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Cardboard boat races are usually one of the end of season celebrations at Indianola's Veteran's Memorial Aquatic Center, but this year, the pool will not open for the summer due to the COVID-19 pandemic.

Indianola playgrounds, park restrooms, skate park and shelters will be open Tuesday, June 2, said Doug Bylund, director of Indianola Parks and Recreation, at a city council meeting Monday night.

But the Indianola Veterans Memorial Aquatic Center will not open this season.

Bylund choked up as he outlined the reasons for the decision, which included the challenges of maintaining social distancing, the need to disinfect regularly and the closure of pool features like slides, diving board and shallow pool features. But the biggest concern, he said, is the safety of staff.

“We would be asking lifeguards to jump in the water, grab people and do CPR on them without any of the PPE that our doctors, our paramedics use,” he said. Twenty other pools around the state, including Clive, Winterset and Carlisle, already have confirmed that they will not open their pools.

“Looks like a lot of good decisions,” said council member Greg Marchant.

“Hard decisions,” said Bylund.

Bylund told the council that the sales of season passes are down 68 percent from 2019 and some people already have called to cancel their passes.

Families will get full refunds for any season passes or swimming lessons that already have been purchased, he added, although those refunds could take four to six weeks rather than the two to three weeks that are standard.

“I appreciate it’s a hard decision, but the consequences of not making the right decisions would be hard for the entire community,” said council member Greta Southall.

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Softball fields at Pickard and Moats parks will open for practices June 2 and for games and tournaments on June 13, said Bylund.

“Organizers must implement guidance,” he added. “A lot of these organizations that want to have events have already put together waivers for their events. They’re adjusting how they’re going to do their games.”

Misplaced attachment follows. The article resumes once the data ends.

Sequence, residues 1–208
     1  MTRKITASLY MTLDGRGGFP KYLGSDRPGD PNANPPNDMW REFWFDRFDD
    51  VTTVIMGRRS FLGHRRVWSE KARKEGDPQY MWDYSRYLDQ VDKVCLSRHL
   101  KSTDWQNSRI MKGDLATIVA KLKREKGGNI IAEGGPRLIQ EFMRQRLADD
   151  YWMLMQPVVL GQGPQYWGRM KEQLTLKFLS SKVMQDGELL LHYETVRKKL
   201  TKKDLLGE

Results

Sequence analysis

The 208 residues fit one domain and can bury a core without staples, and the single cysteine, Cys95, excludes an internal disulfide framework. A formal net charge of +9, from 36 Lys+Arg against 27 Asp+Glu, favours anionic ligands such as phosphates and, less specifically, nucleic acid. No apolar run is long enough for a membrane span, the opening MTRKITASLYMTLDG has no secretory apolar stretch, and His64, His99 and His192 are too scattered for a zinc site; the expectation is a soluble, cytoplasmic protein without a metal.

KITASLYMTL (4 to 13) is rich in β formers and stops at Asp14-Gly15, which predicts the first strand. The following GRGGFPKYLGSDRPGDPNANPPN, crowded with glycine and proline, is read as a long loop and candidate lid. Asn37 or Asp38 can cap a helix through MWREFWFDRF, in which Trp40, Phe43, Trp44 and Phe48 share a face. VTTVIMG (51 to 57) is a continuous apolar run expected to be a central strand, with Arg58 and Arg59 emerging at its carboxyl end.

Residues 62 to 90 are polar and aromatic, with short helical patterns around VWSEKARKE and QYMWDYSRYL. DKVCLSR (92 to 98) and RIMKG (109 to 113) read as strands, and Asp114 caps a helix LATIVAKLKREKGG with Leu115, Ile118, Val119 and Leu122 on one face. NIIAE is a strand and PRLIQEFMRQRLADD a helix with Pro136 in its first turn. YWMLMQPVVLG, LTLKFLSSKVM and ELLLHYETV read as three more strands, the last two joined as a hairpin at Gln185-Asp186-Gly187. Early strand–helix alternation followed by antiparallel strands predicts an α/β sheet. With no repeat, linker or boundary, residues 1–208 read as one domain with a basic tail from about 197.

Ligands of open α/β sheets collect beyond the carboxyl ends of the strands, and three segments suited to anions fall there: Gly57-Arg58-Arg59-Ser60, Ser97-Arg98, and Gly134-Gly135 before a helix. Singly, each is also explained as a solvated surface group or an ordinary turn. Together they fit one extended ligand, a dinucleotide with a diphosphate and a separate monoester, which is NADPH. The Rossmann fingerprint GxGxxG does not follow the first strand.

Concession stands will be closed initially, he added, and when they open likely will sell prepackaged items such as bottled water, Powerade, etc.

The senior center will continue to be closed through June 17, in accordance with Governor Kim Reynolds announcement in May, he said. Other programs will be modified, including adult softball, which likely will begin the week of June 15 and possibly yoga in the park.

Michele Patrick of the Indianola Public Library also outlined plans for its reopening — tentatively set for June 15. “That’s a very tentative date,” she said.”If that is the date it would put us right where the metro is going to be.

“The first step to reopening the building is kind of counterintuitive,” Patrick continued. “It’s to reduce the need so people don’t have to come into the building if they don’t want to.”

Patrick said the library will move its programs online. Last year, she said, the library had 3,200 people attend about 75 programs. That’s not an option this year.

“We will have programming online at least through June and July,” she said. The library will re-evaluate for fall programming, she said.

Once the building is open to the public, patrons will be able to get their items via curbside pickup during regular hours. Currently curbside pickup is offered three days a week.

Other changes will include removing group seating, reducing the number of public computer stations open to the public, and removing toys and games from the children’s library, although games will be available for check out.

Books will continue to be quarantined when they are returned, and Plexiglas shields will be added at the checkout counter, she said. Signage also will be added promoting safety expectations both at the library and in parks facilities.

Some of that signage at parks will let people know that wile play equipment will be available, the parks and recreation department will not be disinfecting it on a regular basis. Bathrooms will be disinfected daily, as usual, Bylund said.

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